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Players trade their opinions on Favre
Casey Rabach grew up in Sturgeon Bay, Wis., which is about an hour up the Lake Michigan shoreline from the epicenter of the biggest NFL soap opera since Terrell Owens did crunches for the media in his driveway.
Mercifully, the Brett Favre Saga in Green Bay came to a conclusion late Wednesday night with his trade to the New York Jets, but Thursday it dominated nearly every conversation at Redskin Park.
"Oh man, obviously with what Brett Favre meant to Wisconsin - not just the Packers but the state as a whole - is huge and to see him moving on to a new team seems kind of surreal," Rabach said. "Especially for the Packers fans up there - I still have family members that have season tickets - nobody can really kind of understand it, but it is amazing how the fans are kind of split 50-50 right now."
Favre's situation has dwarfed everything during the opening weeks of the NFL exhibition season. Now that he has joined the Jets, the Redskins will become part of the circus next week when they travel to Giants Stadium.
It will be the Jets' first home preseason contest with Favre a member of the organization, and it could be his first time on the field in his new shade of green.
"It will be crazy for him going to New York," said Redskins wide receiver Santana Moss, who spent four seasons with the Jets. "Now he's in a media-happy city. It's going to get real wild. It's bananas in New York. Every little thing is bigger than you think it is."
Opinions on the situation varied among Redskins players. Some, like Fred Smoot, were sympathetic to Favre.
"Brett and I have the same agent. [He] got a raw deal in Green Bay after everything he's done for the city and state," Smoot said. "It's football. It goes on. I get to say hello to him when we leave practice today."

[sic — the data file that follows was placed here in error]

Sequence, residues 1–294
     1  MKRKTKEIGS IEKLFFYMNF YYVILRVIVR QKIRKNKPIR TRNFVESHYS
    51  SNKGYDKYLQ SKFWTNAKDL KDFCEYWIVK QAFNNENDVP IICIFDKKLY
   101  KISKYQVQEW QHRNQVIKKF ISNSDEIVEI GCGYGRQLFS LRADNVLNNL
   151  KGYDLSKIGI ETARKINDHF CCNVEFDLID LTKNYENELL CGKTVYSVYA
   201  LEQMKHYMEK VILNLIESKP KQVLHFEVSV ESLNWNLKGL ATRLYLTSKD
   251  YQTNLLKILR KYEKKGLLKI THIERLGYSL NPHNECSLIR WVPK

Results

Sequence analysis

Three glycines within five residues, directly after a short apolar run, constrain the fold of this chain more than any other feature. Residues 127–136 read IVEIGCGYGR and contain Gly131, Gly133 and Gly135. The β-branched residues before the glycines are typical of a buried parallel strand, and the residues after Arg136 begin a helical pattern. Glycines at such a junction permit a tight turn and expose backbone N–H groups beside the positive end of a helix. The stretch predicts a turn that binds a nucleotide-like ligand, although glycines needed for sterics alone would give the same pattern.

Several players wanted to stay out of the debate, or didn't care, having likely tired of the media saturation on the topic long ago. Long snapper Ethan Albright, who spent part of his rookie season in Green Bay, said the onus is now on Aaron Rodgers and the administration.
"That town was unbelievable. I am sure they are in mourning right now," Albright said. "The stadium is right there in the neighborhood and they just live for it. ... If they win, they're geniuses and they did the right thing."
Running back Rock Cartwright missed practice Thursday with torn cartilage in his rib cage. The injury occurred Sunday in the team's preseason opener against Indianapolis, but he practiced through the pain until Thursday.
He had 13 carries for 58 yards against the Colts while splitting all of the snaps at tailback with Marcus Mason.
"I thought it was just a little shot, like a bruise or a contusion, but I had an X-ray and it showed the cartilage was torn and there is a little bone chip in there, too," Cartwright said. "It is nothing too serious - nothing I wouldn't be able to play with."
Cartwright may not play Saturday against Buffalo. Coach Jim Zorn said Clinton Portis will see limited action - his first in an exhibition game since the 2006 opener. Cartwright's injury means most of the carries likely will go to Ladell Betts, who sat out against the Colts, and Mason.
Schmitt 'hung it up'
Pete Schmitt's return to Redskin Park didn't last very long. The fullback from Wisconsin-Whitewater, who signed with the Redskins as an undrafted free agent last summer but didn't make the team, spent two days in camp before leaving on his own, Zorn said.
"[Schmitt] decided to leave. He hung it up," Zorn said. "He stepped aside and said, 'Maybe this is not for me.'"
To fill Schmitt's place on the roster, the Redskins added former Virginia Tech safety Justin Hamilton. The 2006 seventh-round pick had 15 tackles as a rookie for the Cleveland Browns, but the team cut him Sept. 1, 2007, and he didn't catch on with another team.
• David Elfin contributed to this article.
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